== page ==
At the Bottom of Everything (2 page)

BOOK: At the Bottom of Everything
7.95Mb size Format: txt, pdf, ePub
ads

“You always seemed like such a
dude
,” she said after we’d been talking for a while. “I thought you were a Flip Cup kind of person.”

“I thought you were a vocal exercises kind of person.”


Mi mi mi mi mi
.”

We hugged again before she left, more confidently than before, and she told me that I should come to her next improv show.

I did, and that did it. There were, in those first weeks, afternoon coffees that ended with us on a bench near her office, her legs in my lap; there were mornings of having to unmake the bed to find our underwear; there was kissing good-bye on the Metro platform. By that first fall together we were spending almost every night at her apartment, reading next to each other in bed, having conversations between the shower and the bedroom.

“So I guess this is what it feels like,” she said once, when we were leaning forehead to forehead, the only two people on the long escalator in Union Station.

I wish I could take that year, like the salvageable bits of a meal dropped on the floor, and separate it from what happened next, which now seems minor but which at the time seemed baffling and tragic and unbelievable. What happened is: she broke up with me. “You had a bad breakup,” my mom said when I was over for dinner one night, in a summing-up-and-moving-on voice. (Are there good breakups? Are there breakups that leave both people feeling that they’ve just emerged
not from a washing machine but from a bittersweet and not-too-long movie?)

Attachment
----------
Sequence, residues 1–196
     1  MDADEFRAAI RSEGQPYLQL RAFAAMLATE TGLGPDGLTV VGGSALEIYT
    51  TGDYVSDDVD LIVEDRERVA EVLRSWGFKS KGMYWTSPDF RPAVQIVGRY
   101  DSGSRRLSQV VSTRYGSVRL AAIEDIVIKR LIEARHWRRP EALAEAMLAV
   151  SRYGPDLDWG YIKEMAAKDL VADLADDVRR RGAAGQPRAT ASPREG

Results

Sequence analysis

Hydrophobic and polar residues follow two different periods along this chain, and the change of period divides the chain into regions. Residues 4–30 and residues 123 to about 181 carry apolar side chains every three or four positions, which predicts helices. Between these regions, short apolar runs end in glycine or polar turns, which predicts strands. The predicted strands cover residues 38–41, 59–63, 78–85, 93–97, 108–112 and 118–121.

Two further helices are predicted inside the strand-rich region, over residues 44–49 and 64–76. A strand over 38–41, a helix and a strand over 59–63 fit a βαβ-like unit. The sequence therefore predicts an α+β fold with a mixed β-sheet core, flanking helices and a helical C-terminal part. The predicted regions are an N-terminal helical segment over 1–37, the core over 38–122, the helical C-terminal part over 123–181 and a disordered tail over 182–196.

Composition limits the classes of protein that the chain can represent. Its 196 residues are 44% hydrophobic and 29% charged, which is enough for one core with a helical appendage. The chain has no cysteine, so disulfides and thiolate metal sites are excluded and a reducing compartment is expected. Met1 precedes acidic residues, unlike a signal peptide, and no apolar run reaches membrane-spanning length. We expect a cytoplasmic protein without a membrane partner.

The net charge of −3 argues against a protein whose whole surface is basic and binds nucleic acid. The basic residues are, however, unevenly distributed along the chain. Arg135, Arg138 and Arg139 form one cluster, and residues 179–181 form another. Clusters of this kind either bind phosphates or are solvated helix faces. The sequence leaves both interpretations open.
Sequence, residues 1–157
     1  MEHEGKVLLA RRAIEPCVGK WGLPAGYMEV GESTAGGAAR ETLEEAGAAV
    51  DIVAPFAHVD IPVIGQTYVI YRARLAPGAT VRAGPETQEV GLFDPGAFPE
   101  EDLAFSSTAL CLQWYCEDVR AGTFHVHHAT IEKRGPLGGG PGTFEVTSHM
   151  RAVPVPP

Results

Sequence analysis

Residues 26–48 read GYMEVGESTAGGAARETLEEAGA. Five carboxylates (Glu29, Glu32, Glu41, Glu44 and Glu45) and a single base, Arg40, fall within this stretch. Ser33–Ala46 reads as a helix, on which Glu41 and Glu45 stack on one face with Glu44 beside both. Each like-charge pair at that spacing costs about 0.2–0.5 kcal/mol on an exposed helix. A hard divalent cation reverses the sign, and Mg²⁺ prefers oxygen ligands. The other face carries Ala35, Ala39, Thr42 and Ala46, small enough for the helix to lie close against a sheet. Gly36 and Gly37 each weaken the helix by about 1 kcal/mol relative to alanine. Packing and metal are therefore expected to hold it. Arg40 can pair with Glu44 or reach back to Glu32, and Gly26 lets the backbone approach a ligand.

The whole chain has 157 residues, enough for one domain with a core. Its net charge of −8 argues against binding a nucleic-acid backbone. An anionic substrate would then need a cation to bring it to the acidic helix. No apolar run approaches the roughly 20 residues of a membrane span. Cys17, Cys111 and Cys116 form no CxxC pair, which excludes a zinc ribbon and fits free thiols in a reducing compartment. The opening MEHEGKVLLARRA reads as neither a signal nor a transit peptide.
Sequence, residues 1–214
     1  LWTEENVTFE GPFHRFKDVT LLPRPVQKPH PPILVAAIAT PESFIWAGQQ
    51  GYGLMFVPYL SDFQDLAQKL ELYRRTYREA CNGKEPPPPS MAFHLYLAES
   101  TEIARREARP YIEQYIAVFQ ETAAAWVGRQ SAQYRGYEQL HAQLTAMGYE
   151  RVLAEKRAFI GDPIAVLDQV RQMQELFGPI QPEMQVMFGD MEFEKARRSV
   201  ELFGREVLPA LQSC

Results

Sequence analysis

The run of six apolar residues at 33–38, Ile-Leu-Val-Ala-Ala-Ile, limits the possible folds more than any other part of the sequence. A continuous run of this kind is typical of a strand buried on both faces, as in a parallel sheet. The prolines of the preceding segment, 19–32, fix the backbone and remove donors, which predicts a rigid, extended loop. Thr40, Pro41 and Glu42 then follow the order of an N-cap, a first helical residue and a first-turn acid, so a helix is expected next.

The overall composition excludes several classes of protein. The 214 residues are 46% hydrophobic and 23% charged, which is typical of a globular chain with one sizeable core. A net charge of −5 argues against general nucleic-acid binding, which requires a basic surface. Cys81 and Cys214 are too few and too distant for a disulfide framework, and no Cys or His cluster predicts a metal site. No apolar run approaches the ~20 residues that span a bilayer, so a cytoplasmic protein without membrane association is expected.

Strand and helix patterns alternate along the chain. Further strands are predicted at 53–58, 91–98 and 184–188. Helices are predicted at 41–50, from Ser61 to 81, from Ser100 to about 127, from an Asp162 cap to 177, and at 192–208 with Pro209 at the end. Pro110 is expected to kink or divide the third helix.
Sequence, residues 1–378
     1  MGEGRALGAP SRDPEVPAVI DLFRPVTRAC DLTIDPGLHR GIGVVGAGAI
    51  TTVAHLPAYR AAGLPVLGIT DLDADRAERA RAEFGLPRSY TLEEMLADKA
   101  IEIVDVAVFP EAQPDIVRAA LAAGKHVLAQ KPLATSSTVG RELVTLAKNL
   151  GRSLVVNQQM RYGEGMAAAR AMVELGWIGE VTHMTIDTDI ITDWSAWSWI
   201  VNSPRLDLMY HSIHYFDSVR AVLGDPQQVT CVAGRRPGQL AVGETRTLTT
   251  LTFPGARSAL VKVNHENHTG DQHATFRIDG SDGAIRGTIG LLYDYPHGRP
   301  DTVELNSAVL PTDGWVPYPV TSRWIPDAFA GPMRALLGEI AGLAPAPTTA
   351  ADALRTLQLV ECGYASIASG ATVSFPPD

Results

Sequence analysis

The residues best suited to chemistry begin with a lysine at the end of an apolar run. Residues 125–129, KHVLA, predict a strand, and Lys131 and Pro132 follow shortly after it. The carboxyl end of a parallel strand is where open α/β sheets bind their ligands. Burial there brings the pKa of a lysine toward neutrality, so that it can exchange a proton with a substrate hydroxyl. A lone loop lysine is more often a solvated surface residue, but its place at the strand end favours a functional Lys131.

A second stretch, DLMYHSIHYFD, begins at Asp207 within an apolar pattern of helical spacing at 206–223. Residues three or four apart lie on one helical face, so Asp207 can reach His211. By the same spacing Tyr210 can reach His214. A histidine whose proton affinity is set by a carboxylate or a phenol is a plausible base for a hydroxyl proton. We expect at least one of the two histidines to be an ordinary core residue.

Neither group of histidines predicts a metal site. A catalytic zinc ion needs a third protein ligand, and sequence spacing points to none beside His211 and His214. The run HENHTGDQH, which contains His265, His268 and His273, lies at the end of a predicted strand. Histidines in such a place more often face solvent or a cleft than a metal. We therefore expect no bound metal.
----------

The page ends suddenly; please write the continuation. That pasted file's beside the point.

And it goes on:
There was the philosophical version, which would settle over me sometimes as I was falling asleep—I never entirely opened up to her and this little flaw, like a crack in a glass table, had no choice but to spread—and then there was the battle-flashback version that I spent most of my days trapped in. The fight outside her building, when someone leaned out from a high window and called out, “Get a divorce!” The bleary Sunday morning in the kitchen when she said, “I don’t know why we’re doing this anymore.” The night on the couch when we both cried while
Diners, Drive-Ins and Dives
played in the background.

In the middle of my tutoring sessions now, while the fifth grader I was supposed to be paying attention to burrowed through a sheet of word problems, I’d look up into the black living-room windows and think:
Cold and alone
. I don’t know where this phrase came from, or what
cold
had to do with anything, but the words were like a lyric that had eaten into my brainstem:
cold and alone
, waiting for the light to change;
cold and alone
, eating Chex for dinner;
cold and alone
, listening to my roommate and his girlfriend have sex at half past two in the morning.